All of those involved with boxing continually have to defend their beloved sport. (Isn't it barbaric? How do you watch that? How can you still be a fan? Isn't boxing so corrupt? I stopped being a fan when such and such happened.) This defensiveness helps bind the boxing community together together. When in town for a boxing weekend, I don't care all that much what state a fan, a writer or a trainer is from or what his politics or religion are. We start off with a love of the sport and move on from there. Everyone gets a little bit of good will. 

Those in the boxing community share a little secret. We put up with the bullshit and lunacy because this secret is profound: we all know that when boxing is at its best, it's unbeatable. Those thrilling, unforgettable moments create a high stronger than any drug. The anticipation leading up to a big fight, the thrill of the crowd, the excitement and tension, is unmatched in professional sports. A big fight makes the Super Bowl seem like the opening round of a golf tournament. 


I meet up with Greisman and Starks and head over to The Claridge. In some combination, we have gone to fights together in Jersey, New York, Texas, Colorado, Pennsylvania and other spots. We catch up about what's new in our lives – I had last seen them during the Golovkin-Geale weekend in July – as well as our thoughts on the fight. We are all predicting Hopkins to win, but none of us really knows for sure. After a few minutes, Greisman starts to work on his articles from the weigh-in for BoxingScene; he’s constantly working during fight weekends. 

For dinner, we meet up with Brian Campbell from ESPN, another person whom I've interacted with for years online but am just meeting in person for the first time. As ESPN's boxing editor, he has quickly and quietly raised's presence in the sport. He has done a great job of introducing the Making the Rounds feature and has helped to expand ESPN's coverage of international fights. In person, he's enthusiastic, quick with a joke and has an endearingly goofball sensibility. Almost from the jump, he's trying to set up some karaoke for the night.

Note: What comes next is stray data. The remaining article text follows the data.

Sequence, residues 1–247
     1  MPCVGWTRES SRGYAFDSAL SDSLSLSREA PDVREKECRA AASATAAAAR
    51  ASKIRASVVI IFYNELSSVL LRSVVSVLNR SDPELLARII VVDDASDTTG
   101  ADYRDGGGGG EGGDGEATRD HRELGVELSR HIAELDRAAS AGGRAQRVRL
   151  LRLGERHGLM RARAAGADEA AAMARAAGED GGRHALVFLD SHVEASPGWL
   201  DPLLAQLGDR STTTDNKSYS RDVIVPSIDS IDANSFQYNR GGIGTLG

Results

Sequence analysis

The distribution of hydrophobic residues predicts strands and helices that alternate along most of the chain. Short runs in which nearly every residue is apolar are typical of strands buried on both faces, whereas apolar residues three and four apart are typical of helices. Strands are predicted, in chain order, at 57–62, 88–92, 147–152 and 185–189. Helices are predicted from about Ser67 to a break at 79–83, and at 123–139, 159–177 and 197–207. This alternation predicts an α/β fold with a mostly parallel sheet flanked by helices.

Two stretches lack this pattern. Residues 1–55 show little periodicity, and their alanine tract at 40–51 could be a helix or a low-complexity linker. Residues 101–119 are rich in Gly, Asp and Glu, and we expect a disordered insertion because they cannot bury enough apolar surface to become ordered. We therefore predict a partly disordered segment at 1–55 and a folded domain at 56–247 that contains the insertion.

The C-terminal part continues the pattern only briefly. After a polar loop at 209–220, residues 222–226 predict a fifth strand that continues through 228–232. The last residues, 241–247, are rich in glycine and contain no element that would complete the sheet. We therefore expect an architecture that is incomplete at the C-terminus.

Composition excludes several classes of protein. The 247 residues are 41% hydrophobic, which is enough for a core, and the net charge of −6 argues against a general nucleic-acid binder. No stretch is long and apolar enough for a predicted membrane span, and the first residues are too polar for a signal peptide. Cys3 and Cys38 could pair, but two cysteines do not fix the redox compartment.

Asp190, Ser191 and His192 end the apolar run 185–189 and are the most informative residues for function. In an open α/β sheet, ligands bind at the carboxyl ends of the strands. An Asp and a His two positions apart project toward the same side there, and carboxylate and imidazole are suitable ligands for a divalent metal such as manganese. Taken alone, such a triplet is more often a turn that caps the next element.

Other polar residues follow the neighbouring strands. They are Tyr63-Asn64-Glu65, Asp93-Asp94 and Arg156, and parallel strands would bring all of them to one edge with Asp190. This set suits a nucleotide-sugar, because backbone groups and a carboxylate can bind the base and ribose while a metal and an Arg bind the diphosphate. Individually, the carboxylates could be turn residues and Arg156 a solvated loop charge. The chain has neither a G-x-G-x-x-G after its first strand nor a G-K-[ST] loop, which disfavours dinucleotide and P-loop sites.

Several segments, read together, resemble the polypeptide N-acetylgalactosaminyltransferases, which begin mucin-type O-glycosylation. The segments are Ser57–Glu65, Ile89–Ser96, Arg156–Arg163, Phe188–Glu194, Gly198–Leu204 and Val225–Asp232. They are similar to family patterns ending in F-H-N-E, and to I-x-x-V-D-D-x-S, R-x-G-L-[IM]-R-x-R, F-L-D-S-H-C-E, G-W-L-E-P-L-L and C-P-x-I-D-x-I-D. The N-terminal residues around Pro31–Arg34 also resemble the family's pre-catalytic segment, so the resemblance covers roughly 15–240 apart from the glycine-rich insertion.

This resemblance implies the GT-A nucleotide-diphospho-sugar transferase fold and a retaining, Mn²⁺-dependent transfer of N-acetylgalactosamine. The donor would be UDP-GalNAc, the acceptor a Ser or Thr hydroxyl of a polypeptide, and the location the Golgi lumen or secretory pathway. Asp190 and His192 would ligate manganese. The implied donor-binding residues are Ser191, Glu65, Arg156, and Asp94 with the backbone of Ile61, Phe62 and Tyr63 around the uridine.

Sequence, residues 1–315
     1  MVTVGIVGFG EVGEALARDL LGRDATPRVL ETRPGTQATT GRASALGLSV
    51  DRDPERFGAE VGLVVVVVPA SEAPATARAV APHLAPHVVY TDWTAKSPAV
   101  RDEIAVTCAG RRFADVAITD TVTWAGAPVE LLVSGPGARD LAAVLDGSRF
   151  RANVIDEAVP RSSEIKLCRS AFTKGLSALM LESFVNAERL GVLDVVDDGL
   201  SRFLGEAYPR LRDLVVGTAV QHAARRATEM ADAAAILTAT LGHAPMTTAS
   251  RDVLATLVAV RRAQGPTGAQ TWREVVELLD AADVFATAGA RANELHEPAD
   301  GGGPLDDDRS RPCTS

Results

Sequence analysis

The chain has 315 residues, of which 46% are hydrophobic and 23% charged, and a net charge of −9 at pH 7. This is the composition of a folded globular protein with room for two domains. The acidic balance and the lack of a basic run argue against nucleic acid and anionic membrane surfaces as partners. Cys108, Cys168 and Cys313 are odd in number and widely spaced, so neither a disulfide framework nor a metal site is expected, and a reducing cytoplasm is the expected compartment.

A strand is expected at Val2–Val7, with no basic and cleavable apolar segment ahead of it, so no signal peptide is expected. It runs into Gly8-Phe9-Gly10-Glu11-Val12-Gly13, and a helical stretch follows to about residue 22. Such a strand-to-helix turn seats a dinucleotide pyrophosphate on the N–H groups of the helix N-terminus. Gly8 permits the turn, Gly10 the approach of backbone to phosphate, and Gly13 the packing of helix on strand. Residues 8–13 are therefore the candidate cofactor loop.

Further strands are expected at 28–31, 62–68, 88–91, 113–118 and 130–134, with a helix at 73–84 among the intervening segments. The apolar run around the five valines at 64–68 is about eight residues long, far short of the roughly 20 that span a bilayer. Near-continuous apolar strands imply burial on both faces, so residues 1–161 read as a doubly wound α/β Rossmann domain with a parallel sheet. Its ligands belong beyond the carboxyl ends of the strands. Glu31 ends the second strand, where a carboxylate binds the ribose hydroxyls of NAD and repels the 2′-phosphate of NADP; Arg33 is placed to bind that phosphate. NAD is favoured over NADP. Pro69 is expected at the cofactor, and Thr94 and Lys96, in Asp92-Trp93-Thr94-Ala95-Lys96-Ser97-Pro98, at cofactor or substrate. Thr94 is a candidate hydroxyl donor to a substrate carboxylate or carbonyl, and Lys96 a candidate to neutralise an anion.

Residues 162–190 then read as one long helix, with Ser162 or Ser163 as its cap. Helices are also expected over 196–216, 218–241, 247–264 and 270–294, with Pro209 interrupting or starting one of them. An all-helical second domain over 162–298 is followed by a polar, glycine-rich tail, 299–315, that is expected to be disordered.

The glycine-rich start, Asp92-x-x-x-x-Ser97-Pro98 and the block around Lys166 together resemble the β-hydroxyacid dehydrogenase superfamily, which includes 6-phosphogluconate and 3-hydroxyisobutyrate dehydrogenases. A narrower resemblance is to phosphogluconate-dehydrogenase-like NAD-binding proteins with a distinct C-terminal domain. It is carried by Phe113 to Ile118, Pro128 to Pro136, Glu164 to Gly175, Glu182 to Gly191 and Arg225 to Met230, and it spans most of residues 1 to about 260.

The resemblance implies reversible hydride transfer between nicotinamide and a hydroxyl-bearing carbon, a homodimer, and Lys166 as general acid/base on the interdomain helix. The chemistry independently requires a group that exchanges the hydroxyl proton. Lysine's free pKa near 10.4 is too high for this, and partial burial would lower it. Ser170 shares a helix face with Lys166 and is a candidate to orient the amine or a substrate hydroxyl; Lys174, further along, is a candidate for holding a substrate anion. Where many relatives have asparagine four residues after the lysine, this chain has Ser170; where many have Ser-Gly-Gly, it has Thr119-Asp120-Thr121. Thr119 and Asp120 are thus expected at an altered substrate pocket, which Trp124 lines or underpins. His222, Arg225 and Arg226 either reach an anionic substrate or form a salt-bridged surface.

At dinner, we shoot the shit, gently josh each other, opine about the state of the sport and partake in some boxing gossip – what’s next for this fighter, this promoter or this network. A commonality that those in the boxing community share is the combination of angst/anticipation/gallows humor when talking about the sport. On record, Campbell is going with the Kovalev knockout. 

I step out from dinner for a moment and run into the biggest Hopkins fan that I know. His name is Dave but he goes by @Buflo_dolla on Twitter. As he nurses a beer, he's nervous about the fight tomorrow but feels that Hopkins will pull it out. He understands that it's a very dangerous matchup for Hopkins. He can deal with a loss but he just can't bear to see Legend, as he calls Hopkins, get knocked out. 

After dinner, Starks, Campbell and I walk down the windy boardwalk to the Tropicana where we meet up with Mulvaney for a drink. Slowly but surely, others from the boxing community start to trickle in for the weekend. Vic Salazar, from Tha Boxing Voice, is there enjoying a meal with his family. Peter Clarke, another writer from that website, is also around with his ever-present smile. We shake hands and hug, talk about the fights and head to the bar. Opinion seems equally split on Hopkins and Kovalev. Absolutely nobody thinks that Sadam Ali has a shot on the undercard. We ask Mulvaney's about his varied and unique writing career; very few are experts on both whaling and boxing. We then transition to the favorite parlor games of boxing fans/writers: what was the best live fight you've ever seen? What fight made you a fan of the sport, etc.

Another commonality you will see among boxing people is that they can't stop talking about boxing. Where does this fighter go next? Why did he sign with this guy? Do you think that this writer is any good? This particular fight needs to happen!